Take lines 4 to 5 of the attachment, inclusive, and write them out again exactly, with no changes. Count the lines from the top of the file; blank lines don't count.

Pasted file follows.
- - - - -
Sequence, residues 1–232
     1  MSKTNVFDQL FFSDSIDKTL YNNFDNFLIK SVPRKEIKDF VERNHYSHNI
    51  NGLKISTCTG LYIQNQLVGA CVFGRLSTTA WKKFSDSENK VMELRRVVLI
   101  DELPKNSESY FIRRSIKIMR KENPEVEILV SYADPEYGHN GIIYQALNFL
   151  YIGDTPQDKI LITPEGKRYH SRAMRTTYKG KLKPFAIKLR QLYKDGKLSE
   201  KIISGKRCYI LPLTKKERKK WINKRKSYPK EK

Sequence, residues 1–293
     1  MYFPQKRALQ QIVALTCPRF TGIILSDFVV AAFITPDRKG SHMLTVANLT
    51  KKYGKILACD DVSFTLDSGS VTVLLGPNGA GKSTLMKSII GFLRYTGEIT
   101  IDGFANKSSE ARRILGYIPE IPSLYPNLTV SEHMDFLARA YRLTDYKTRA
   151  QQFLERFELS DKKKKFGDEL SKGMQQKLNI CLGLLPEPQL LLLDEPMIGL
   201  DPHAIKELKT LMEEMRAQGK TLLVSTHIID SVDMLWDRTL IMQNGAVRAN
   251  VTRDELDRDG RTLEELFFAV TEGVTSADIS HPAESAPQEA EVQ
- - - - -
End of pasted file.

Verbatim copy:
   101  DELPKNSESY FIRRSIKIMR KENPEVEILV SYADPEYGHN GIIYQALNFL
   151  YIGDTPQDKI LITPEGKRYH SRAMRTTYKG KLKPFAIKLR QLYKDGKLSE